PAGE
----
Toward the end of last year, as a holiday gift, I put together a self-published book for my family. The manuscript was originally written by my grandmother (1910-2009) when she was in her eighties, and brings to life teenage trips she took to visit her eldest sister, who lived on a Wyoming homestead. To that original document were added photographs from the trips, a short page about the author, and a cover.
My grandmother originally intended her manuscript as a young-adult title. She submitted it to a few publishers, but after finding no interest she rewrote it as a more personal family memoir. In putting a book together based on that text I was conscious both of the work’s history and of her intent, but even more so of the responsibility of presenting her fairly and well. Fortunately, she did most of the heavy lifting with her own words.
What surprised me most about producing such a work was the impact the physical book had as an object when I finally held the first proof in my hands. The words had been around for decades, the pictures for decades more, but merging them into a book created something greater than the sum of its parts. And this feeling was shared by members of my family as well.
There is, obviously, something about a book as an object that confers a sense of importance about the contents. However that book came to be, and whatever the quality of the contents, at a bare minimum someone took the time and effort to assemble it — to create a new object from various pieces of source material. The result might be the functional equivalent of a scrapbook or personal journal, but the fact that it can be held and shelved alongside other tomes gives it a familiar, almost universal purpose and place that it would otherwise lack.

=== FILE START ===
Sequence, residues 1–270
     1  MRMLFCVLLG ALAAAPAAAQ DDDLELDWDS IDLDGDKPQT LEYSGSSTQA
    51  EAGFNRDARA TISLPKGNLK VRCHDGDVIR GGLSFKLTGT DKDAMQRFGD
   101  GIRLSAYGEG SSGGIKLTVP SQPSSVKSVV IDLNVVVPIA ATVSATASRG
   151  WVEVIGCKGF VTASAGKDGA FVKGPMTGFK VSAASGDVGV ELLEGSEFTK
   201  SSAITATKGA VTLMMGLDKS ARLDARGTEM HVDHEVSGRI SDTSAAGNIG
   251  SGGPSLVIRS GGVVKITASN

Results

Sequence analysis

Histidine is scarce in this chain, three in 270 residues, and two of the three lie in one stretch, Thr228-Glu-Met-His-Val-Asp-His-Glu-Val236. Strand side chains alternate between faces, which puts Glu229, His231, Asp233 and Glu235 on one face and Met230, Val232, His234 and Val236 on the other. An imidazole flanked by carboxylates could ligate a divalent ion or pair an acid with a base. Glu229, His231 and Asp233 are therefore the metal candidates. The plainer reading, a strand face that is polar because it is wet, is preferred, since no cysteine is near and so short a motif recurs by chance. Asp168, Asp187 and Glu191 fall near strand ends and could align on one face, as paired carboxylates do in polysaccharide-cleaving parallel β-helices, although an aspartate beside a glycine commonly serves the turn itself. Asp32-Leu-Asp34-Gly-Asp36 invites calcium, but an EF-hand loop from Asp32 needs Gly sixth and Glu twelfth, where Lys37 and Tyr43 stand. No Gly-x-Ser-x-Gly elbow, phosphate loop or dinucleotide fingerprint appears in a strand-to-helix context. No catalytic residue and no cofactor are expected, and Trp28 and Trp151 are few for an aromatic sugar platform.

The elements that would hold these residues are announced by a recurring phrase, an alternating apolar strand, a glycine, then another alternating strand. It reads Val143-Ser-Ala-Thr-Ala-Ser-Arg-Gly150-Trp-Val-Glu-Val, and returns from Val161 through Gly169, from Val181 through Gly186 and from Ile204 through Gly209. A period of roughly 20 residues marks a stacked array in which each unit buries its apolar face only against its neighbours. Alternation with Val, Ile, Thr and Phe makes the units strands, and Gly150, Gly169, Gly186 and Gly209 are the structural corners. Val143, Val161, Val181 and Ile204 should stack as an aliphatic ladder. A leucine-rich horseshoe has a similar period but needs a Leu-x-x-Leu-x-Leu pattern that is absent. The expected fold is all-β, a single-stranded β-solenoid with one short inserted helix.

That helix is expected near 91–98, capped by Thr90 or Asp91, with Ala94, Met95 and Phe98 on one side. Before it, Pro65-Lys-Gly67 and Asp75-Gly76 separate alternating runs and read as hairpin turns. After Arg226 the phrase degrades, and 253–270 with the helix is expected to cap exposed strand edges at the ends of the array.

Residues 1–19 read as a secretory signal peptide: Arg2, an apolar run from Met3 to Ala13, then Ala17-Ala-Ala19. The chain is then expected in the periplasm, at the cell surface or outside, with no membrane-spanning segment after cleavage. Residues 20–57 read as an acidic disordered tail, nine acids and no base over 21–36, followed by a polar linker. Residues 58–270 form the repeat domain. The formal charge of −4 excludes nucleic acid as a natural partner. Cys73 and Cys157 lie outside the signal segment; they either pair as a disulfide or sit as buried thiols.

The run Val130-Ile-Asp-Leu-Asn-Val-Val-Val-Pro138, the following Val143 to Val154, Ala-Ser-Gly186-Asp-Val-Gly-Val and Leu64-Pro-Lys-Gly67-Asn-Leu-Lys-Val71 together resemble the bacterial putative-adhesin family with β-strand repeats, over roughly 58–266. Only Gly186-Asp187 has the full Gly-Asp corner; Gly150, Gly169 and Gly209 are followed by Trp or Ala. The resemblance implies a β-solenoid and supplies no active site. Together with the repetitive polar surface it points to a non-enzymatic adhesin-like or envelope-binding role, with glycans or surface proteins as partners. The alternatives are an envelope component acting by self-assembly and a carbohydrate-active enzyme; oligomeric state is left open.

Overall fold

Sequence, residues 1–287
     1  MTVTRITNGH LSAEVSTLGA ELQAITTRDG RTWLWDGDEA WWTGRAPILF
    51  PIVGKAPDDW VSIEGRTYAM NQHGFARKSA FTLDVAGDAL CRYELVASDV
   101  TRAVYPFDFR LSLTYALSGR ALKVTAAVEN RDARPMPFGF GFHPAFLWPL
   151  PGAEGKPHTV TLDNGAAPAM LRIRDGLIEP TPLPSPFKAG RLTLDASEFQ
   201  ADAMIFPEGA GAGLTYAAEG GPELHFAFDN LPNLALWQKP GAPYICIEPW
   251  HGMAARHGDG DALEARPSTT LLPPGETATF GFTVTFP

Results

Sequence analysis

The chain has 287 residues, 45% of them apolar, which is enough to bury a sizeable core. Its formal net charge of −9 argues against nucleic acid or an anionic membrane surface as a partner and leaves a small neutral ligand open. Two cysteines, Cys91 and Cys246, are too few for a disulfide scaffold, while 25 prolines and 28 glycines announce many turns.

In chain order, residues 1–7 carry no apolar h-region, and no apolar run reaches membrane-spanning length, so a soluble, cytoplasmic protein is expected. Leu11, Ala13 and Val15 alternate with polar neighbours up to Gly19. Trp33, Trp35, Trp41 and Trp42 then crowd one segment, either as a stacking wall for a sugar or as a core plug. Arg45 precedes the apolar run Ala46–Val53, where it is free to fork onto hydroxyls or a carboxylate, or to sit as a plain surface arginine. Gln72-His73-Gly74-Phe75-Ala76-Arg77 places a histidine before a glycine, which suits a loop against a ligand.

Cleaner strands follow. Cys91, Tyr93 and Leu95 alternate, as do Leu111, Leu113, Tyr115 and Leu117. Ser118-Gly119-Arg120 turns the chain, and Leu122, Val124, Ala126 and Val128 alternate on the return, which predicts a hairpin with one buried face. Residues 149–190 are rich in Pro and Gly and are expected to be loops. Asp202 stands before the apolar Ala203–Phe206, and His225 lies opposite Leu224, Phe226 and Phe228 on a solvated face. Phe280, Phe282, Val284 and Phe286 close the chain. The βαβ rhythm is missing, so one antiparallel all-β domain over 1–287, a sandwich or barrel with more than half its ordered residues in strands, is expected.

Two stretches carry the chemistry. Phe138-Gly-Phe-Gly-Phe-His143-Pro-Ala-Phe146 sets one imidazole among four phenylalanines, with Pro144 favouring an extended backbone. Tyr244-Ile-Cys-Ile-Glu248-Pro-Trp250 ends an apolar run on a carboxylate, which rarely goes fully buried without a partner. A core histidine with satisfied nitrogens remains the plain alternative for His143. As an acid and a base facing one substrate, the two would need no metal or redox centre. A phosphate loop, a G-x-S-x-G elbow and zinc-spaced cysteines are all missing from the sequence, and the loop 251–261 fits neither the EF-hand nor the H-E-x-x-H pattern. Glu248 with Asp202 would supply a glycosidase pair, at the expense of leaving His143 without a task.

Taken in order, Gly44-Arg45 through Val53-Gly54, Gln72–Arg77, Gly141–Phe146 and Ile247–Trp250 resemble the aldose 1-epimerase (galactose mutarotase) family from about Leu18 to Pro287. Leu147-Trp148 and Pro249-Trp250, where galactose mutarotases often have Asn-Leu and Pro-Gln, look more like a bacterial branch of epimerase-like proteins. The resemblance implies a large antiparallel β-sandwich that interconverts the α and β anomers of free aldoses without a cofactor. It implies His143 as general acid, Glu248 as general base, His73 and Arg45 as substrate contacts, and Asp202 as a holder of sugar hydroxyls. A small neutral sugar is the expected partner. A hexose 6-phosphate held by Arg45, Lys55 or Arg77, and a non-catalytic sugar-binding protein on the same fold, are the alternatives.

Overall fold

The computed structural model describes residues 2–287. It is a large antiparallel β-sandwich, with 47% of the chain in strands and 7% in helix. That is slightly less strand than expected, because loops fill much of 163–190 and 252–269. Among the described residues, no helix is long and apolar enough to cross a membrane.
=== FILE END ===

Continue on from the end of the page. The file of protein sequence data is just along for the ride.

The question of an object’s worth — of a book’s worth — often devolves to critical and commercial assessment. At the same time, however, most people recognize that living a life dominated by (if not determined by) money and the artistic judgment of others leads to an inevitable corruption of self. If you can make a living pounding out words or creating images or raising and lowering hemlines that’s fine, but who are you when the crowds go away and you’re alone with your millions? (You may care about your money, but your money doesn’t care about you.)
To the great, brutish publishing industry this tiny little tome has no value of any kind. If traditional publishing cast even a glance my grandmother’s way it would do so only to sputter and spit about vanity publishing, as if I was trying to sneak past the industry’s desperate gatekeepers in order to make a buck or a name for myself without first coughing up whatever percentage they feel they deserve. But this simple book was not created to get around anyone or anything. It was created as an act of love, to honor someone who lived a full life and gave as much or more than she got.
I own a fair number of books, some of which I love for personal reasons and some of which I love because of the invaluable information they contain. My family is and always has been bookish. My grandmother probably read more books in a year than I read in a decade. But of all the books that have come through our collective lives, it would be hard to say that any of them are more meaningful to us now than this little self-published title that sprang from the hand of a woman who did so much for us all.
The fact that this book is a personal work aimed at a tiny micromarket says nothing about its inherent value and everything about how important self-publishing can be.
— Mark Barrett